Exodus 22:26
Parallel Verses
New International Version
If you take your neighbor's cloak as a pledge, return it by sunset,

King James Bible
If thou at all take thy neighbour's raiment to pledge, thou shalt deliver it unto him by that the sun goeth down:

Darby Bible Translation
-- If thou at all take thy neighbour's garment in pledge, thou shalt return it to him before the sun goes down;

World English Bible
If you take your neighbor's garment as collateral, you shall restore it to him before the sun goes down,

Young's Literal Translation
if thou dost at all take in pledge the garment of thy neighbour, during the going in of the sun thou dost return it to him:

Exodus 22:26 Parallel
Commentary
Clarke's Commentary on the Bible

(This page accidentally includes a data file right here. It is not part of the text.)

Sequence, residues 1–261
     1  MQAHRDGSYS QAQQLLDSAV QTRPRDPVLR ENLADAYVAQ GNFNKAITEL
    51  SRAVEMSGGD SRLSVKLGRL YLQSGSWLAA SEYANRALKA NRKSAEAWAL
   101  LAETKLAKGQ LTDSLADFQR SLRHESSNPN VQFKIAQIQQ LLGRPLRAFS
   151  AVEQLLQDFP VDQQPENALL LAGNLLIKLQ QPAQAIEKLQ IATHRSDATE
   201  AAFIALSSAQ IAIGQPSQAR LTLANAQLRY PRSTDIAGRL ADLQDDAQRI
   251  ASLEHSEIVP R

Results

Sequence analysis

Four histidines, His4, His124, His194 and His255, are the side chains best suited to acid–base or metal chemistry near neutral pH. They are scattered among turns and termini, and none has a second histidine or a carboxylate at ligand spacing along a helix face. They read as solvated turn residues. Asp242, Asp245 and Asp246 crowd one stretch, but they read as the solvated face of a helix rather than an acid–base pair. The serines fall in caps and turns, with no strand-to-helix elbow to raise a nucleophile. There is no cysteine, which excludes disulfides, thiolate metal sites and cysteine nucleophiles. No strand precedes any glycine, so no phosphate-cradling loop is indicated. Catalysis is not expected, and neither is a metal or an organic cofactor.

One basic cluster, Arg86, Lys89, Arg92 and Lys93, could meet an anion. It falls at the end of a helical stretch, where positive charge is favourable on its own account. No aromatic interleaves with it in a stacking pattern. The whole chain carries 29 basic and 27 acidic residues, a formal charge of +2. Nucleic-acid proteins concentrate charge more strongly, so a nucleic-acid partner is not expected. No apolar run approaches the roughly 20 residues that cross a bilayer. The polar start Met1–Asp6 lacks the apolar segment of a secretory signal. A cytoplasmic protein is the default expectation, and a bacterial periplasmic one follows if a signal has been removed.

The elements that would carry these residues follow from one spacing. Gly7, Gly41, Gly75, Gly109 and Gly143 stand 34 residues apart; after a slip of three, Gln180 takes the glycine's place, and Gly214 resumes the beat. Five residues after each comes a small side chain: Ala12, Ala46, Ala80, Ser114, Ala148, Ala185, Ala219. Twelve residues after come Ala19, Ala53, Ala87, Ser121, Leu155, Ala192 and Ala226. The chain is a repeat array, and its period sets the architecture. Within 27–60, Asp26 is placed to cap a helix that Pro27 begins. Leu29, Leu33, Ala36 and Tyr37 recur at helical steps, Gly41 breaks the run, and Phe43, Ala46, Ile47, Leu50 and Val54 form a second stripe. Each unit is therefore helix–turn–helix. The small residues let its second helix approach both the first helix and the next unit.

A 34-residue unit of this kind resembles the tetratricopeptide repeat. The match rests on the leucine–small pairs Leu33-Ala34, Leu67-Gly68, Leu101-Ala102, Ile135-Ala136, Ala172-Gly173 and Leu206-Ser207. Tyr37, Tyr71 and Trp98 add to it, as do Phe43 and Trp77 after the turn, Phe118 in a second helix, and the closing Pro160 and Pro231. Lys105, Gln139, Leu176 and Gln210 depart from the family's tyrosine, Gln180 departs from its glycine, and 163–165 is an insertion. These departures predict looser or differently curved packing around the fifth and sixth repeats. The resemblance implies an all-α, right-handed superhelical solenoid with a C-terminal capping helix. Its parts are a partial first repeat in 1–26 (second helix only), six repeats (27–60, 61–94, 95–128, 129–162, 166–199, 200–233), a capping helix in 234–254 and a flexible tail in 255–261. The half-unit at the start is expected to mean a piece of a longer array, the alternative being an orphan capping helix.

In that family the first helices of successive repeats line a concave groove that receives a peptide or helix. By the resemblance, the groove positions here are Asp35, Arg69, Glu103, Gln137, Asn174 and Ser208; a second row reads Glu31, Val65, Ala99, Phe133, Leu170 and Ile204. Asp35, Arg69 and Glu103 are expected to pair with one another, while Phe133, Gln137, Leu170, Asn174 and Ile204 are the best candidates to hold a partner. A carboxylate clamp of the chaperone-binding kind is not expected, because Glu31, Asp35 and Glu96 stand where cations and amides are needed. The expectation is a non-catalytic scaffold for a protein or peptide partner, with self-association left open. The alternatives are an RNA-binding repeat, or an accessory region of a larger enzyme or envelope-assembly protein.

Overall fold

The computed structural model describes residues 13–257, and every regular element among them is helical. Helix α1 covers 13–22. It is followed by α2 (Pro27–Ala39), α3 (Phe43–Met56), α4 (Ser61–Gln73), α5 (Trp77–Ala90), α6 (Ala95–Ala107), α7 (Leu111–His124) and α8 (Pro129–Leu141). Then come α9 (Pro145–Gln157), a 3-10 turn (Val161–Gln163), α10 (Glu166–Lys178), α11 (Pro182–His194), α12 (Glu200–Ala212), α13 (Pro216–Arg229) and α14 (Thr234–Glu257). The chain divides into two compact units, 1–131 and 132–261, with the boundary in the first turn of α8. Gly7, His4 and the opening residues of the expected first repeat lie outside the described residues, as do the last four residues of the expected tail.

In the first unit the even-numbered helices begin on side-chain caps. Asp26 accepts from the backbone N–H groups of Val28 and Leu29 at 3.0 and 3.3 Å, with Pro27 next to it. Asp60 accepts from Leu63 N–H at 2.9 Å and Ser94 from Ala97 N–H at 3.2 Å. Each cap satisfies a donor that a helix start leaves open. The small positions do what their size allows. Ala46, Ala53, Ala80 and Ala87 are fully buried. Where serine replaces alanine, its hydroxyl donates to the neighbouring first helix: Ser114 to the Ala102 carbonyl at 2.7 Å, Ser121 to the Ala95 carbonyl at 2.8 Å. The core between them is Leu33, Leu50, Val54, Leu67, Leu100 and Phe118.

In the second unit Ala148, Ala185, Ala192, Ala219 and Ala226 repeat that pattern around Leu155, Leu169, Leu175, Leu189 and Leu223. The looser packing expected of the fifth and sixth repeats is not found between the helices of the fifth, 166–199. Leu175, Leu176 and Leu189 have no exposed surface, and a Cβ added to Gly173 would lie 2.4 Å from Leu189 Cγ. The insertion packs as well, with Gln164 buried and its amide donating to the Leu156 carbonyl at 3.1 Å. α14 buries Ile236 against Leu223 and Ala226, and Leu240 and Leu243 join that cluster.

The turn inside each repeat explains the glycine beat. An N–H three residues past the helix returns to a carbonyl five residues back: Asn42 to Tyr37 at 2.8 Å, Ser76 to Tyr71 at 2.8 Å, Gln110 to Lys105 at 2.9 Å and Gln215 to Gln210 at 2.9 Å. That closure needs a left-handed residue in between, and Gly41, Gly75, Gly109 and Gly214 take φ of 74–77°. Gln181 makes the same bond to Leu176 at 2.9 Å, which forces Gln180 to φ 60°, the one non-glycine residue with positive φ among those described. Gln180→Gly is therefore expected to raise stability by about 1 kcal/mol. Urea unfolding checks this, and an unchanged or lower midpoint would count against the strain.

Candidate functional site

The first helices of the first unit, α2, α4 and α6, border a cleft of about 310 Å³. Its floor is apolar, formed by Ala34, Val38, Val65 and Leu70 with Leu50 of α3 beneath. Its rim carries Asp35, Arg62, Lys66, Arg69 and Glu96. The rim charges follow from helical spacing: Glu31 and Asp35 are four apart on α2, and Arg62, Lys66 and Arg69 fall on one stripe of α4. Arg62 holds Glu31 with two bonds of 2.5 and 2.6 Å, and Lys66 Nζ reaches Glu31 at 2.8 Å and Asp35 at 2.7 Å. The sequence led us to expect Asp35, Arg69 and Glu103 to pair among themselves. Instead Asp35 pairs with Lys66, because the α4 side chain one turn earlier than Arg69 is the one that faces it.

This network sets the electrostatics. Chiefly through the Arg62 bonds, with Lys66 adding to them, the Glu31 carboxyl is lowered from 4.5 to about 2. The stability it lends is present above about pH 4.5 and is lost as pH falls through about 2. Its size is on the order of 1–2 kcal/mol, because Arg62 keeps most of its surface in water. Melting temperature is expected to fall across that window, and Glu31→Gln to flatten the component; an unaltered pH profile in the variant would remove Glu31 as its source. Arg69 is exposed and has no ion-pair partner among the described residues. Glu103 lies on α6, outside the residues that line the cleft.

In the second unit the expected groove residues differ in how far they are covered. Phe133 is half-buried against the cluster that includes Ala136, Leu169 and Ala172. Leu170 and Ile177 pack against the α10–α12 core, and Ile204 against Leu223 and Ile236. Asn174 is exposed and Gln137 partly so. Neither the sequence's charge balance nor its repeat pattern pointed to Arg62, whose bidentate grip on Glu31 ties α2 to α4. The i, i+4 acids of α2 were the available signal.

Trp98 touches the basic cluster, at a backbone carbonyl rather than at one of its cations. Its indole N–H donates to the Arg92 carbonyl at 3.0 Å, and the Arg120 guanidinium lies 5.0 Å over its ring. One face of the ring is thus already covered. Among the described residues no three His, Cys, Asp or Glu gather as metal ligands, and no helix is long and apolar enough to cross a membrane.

If thou - take thy neighbor's raiment to pledge - It seems strange that any pledge should be taken which must be so speedily restored; but it is very likely that the pledge was restored by night only, and that he who pledged it brought it back to his creditor next morning. The opinion of the rabbins is, that whatever a man needed for the support of life, he had the use of it when absolutely necessary, though it was pledged. Thus he had the use of his working tools by day, but he brought them to his creditor in the evening. His hyke, which serves an Arab as a plaid does a Highlander, (See Clarke's note on Exodus 12:34), was probably the raiment here referred to: it is a sort of coarse blanket, about six yards long, and five or six feet broad, which an Arab always carries with him, and on which he sleeps at night, it being his only substitute for a bed. As the fashions in the east scarcely ever change, it is very likely that the raiment of the Israelites was precisely the same with that of the modern Arabs, who live in the very same desert in which the Hebrews were when this law was given. How necessary it was to restore the hyke to a poor man before the going down of the sun, that he might have something to repose on, will appear evident from the above considerations. At the same time, the returning it daily to the creditor was a continual acknowledgment of the debt, and served instead of a written acknowledgment or bond; as we may rest assured that writing, if practiced at all before the giving of the law, was not common: but it is most likely that it did not exist.